Reading Terminal Market to extend outdoor dining space on Filbert Street

A long-awaited transformation of Reading Terminal Market will extend the footprint of the nation’s oldest continuously running farmers’ market, officials said during a groundbreaking ceremony on Tuesday.

The Filbert Street Transformation Project was originally announced in 2019 as a way to expand the historic market and create a large public space for residents and visitors of the Philadelphia important to enjoy. The plan was delayed by the COVID-19 pandemic and is now slated for completion by this coming fall. 

The $1 million project will reconstruct the 1100 block of Filbert Street — nearby to Reading Terminal Market — and create one of the city’s first “curbless” streets, with sidewalks and car lanes at equal height to the rest of the block. A portion of the parking lane on Filbert Street will be removed in an effort to widen the sidewalk by eight feet, making room for additional seating.

“Useful and inviting outdoor spaces have become increasingly important to our city, its residents, and visitors throughout the time of the COVID-19 pandemic, putting an emphasis on the importance of projects like this,” said Annie Allman, CEO and general manager of Reading Terminal Market. “As a cornerstone of the Philadelphia community and a different, welcoming center for our city, providing a safe, engaging outdoor experience in addition to the extensive options indoors is basic.” 

The street changes are meant to serve as a traffic calming measure for the area, as 70% of visitors to Reading Terminal Market arrive by public transit, officials said. Those who arrive by car will be able to stop at one of several passenger loading and unloading stations for rideshares.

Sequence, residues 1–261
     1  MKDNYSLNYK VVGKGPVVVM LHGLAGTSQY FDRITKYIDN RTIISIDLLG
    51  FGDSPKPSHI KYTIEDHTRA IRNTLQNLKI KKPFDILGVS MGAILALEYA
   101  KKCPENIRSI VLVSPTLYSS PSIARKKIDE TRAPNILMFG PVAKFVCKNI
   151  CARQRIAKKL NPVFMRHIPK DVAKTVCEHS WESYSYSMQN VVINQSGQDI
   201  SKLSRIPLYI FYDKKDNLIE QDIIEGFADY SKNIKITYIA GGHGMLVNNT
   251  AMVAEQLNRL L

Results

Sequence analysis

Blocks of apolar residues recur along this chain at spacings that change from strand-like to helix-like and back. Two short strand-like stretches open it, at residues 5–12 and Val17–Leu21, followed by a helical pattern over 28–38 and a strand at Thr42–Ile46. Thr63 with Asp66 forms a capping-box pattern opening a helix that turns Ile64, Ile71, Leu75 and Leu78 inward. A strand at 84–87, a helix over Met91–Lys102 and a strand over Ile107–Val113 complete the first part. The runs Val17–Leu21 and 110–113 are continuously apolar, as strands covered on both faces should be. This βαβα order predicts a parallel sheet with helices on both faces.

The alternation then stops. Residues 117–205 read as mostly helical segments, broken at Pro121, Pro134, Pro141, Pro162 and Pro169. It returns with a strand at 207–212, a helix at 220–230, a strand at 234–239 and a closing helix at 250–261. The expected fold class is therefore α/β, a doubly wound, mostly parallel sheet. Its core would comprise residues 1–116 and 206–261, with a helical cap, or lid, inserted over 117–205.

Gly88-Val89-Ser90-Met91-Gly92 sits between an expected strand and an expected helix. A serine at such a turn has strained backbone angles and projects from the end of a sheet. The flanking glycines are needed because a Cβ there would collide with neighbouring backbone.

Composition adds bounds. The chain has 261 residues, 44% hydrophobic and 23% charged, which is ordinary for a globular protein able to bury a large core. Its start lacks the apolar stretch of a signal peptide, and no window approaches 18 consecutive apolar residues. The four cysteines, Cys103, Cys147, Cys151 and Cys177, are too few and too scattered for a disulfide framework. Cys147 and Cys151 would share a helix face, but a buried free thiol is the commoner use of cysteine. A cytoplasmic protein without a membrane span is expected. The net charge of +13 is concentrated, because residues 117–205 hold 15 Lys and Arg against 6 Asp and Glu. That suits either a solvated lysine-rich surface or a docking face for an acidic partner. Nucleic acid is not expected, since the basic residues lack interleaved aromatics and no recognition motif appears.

Reading Terminal Transformation RenderingCourtesy of/Reading Terminal Market

The Filbert Street Transformation Project will create one of the city’s first ‘curbless’ streets, and will remove a portion of the parking lane on Filbert Street to widen the street for outdoor dining.

In addition to indoor seating, high-top tables and other seating will be obtainable on the widened sidewalk, weather permitting. The outdoor dining options were initially used throughout the COVID-19 pandemic as a way to keep Reading Terminal Market open and busy without risking illness by close contact. 

The outdoor space will also be utilized by local artists, artisans and food-sellers to great number outdoor farmers’ markets at special events curated by Reading Terminal Market. 

In 2019, Mural Arts Philadelphia unveiled “Philadelphia Microcosm,” a set of multi-paneled paintings depicting the history of Reading Terminal Market and its connections to SEPTA inside the vestibule at nearby Jefferson stop. 

In addition to the long-lasting art installation, Reading Terminal Market will utilize the Filbert Street expansion to great number permanent art installations connected to the rotating menu of different cultures and cuisines present at the market year-round.

Reading Terminal GroundbreakingCourtesy of/Reading Terminal Market

Mayor Jim Kenney and City Councilmember Mark Squilla were among the city officials in attendance for the groundbreaking of the Filbert Street Transformation Project, which is slated for completion in fall 2022.

The revitalization project is provided by grant funding from the William Penn Foundation, the John S. and James L. Knight Foundation, the Commonwealth of Pennsylvania Multi-Modal Transportation Fund and the Pennsylvania Convention Center Authority. 

John J. McNichol, president and CEO of the Convention Center Authority, said that supporting Reading Terminal Market’s recovery efforts will permit visitors at the Convention Center to have easier access to enjoy the Philly important in a safe ecosystem, both indoors and outdoors. 

For the duration of the construction, the Reading Terminal Market entrance on Filbert Street will be closed. Visitors can access the market by the Arch Street or 12th Street doors.

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